Vinnie and his new friends find they have their own war to fight as they face up to terrifying teachers, bad billets, and hostile neighbourhood kids who set out to make their lives as 'vaccies' miserable. And when things start to go missing, they discover that there are mysteries lurking in Netterfold's shadows, just waiting to be solved...

This is a beautifully written story as we have come to expect from David McRobbie. While the setting and broad storyline are not original, the particular tale is engaging and well told. Boys and girls 10-16 will enjoy this book.

'The Life Of A Teenage Body-Snatcher' by Doug MacLeod

The title of Doug MacLeod's new book is immediately engaging and the story that follows shouldn't disappoint its teenage readers. Thomas Timewell is sixteen and a young gentleman living in 1820s England. He has a mission, to fulfil his grandfather's dying wish to leave his body to science. He sets out to exhume his body and along the way meets a body snatcher called Plenitude. His whole life changes as he is pursued by cutthroats, a gypsy with a meat cleaver, and even the Grim Reaper.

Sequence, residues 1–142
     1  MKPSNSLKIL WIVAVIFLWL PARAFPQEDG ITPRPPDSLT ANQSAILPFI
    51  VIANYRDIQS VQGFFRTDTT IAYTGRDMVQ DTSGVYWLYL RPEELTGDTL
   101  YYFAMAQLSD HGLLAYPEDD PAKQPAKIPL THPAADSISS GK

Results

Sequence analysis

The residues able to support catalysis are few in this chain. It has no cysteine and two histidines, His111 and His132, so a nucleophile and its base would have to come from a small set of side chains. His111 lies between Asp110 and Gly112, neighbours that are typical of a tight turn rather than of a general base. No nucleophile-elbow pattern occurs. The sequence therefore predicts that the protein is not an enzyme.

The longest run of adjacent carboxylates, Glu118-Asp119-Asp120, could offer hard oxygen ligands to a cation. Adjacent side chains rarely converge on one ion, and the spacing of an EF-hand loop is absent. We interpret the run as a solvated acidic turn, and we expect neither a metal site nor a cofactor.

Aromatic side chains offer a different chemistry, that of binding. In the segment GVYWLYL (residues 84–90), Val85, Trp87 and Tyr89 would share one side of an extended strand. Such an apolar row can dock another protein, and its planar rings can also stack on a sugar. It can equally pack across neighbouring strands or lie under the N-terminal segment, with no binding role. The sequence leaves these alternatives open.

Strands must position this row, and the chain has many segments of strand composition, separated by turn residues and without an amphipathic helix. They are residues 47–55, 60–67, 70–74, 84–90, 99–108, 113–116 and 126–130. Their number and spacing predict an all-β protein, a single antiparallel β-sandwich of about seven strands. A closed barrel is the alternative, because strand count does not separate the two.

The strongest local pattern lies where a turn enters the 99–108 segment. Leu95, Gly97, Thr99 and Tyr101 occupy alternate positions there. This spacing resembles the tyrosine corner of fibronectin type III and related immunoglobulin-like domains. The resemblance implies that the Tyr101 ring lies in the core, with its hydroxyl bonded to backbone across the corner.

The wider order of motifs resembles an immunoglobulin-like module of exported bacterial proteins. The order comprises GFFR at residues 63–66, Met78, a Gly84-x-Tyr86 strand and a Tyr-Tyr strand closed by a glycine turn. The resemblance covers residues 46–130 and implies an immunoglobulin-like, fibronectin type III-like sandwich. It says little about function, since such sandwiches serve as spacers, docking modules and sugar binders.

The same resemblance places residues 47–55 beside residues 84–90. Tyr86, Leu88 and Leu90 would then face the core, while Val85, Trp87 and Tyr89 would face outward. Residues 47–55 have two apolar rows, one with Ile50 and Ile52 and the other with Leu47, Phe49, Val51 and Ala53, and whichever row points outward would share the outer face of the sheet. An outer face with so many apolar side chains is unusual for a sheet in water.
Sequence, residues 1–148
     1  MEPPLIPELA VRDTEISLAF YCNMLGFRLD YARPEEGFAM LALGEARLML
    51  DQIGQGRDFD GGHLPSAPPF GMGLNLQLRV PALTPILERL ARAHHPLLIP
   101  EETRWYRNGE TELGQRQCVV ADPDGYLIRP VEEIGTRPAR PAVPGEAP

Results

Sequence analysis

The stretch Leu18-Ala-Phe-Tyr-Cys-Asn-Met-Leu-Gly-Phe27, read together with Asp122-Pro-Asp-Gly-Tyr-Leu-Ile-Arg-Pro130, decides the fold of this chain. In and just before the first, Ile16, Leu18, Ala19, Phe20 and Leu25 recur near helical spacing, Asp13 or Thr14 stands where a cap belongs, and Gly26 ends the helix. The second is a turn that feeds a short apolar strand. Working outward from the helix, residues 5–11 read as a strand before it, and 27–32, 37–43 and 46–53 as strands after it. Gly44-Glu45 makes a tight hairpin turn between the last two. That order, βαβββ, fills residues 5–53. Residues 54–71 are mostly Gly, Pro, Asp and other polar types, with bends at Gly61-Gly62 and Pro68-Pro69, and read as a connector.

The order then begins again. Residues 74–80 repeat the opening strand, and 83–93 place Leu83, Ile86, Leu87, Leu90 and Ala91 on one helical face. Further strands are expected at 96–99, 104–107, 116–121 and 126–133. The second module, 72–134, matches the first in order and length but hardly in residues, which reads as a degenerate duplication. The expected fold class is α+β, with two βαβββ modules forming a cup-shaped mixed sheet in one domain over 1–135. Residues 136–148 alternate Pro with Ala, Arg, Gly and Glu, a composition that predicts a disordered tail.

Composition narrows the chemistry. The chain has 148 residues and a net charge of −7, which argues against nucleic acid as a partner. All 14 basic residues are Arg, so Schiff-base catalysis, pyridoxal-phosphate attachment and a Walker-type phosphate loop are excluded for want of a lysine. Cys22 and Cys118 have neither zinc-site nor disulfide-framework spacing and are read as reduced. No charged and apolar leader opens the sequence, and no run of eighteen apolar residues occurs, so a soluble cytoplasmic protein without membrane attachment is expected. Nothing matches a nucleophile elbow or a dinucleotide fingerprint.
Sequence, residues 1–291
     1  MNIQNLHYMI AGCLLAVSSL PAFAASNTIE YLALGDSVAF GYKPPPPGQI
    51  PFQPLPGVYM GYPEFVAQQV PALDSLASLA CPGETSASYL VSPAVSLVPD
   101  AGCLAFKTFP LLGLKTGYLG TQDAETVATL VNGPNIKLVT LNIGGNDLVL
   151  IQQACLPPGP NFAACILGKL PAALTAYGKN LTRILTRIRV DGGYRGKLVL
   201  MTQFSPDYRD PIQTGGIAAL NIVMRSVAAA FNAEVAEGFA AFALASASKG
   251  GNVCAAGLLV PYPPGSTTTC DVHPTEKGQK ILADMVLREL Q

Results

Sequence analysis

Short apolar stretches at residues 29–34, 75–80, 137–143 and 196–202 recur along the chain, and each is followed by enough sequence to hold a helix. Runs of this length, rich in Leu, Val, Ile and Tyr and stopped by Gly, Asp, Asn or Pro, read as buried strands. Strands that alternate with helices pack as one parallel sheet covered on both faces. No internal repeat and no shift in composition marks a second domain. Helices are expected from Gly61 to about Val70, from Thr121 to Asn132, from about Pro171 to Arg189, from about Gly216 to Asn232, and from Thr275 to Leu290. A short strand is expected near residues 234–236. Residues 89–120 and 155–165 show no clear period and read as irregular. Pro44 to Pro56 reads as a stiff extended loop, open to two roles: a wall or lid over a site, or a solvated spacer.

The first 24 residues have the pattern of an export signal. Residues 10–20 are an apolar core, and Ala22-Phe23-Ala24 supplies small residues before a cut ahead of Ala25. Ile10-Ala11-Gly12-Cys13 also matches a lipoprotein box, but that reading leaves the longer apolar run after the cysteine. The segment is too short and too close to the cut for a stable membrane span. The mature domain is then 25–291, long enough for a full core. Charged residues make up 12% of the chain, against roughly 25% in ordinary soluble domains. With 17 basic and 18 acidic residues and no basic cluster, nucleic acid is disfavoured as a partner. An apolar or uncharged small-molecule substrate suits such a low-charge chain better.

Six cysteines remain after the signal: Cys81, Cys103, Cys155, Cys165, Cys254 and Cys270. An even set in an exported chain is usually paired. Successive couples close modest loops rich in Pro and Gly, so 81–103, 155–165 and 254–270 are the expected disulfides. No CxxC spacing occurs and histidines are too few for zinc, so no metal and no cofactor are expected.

It isn't every day that the reader is introduced to the fascinating and at times gross world of the resurrectionists; liberators of corpses for the purpose of medical research. But this isn't just a book designed to shock (Doug MacLeod is too good an author for that!); it is an hilarious tale with great suspense, excellent character development and even some love interest. Thomas as narrator is earnest, but always we are on the edge of farce as more bodies are uncovered.

Boys aged 13-16 will enjoy this book and many girls as well, who like grim topics with lots of humour.  The book is on the CBCA shortlist of best books for 2011, and deservedly so!
'The Midnight Zoo' by Sonya Hartnett

It is World War II in Eastern Europe and two gypsy brothers - Tomas and his younger brother, Andrej - have escaped Romany that has been overrun by the Germans. They carry Wilma, their baby sister, in a sack and reach an abandoned town where they discover a zoo. In it they find a wolf, monkey, bear, eagle, lioness, seal, chamois and llama with some surprising events as they contemplate what next. And then, an amazing twist, the starving animals tell the boys what has happened. The boys are scared but they grasped that animals, like people should not be imprisoned.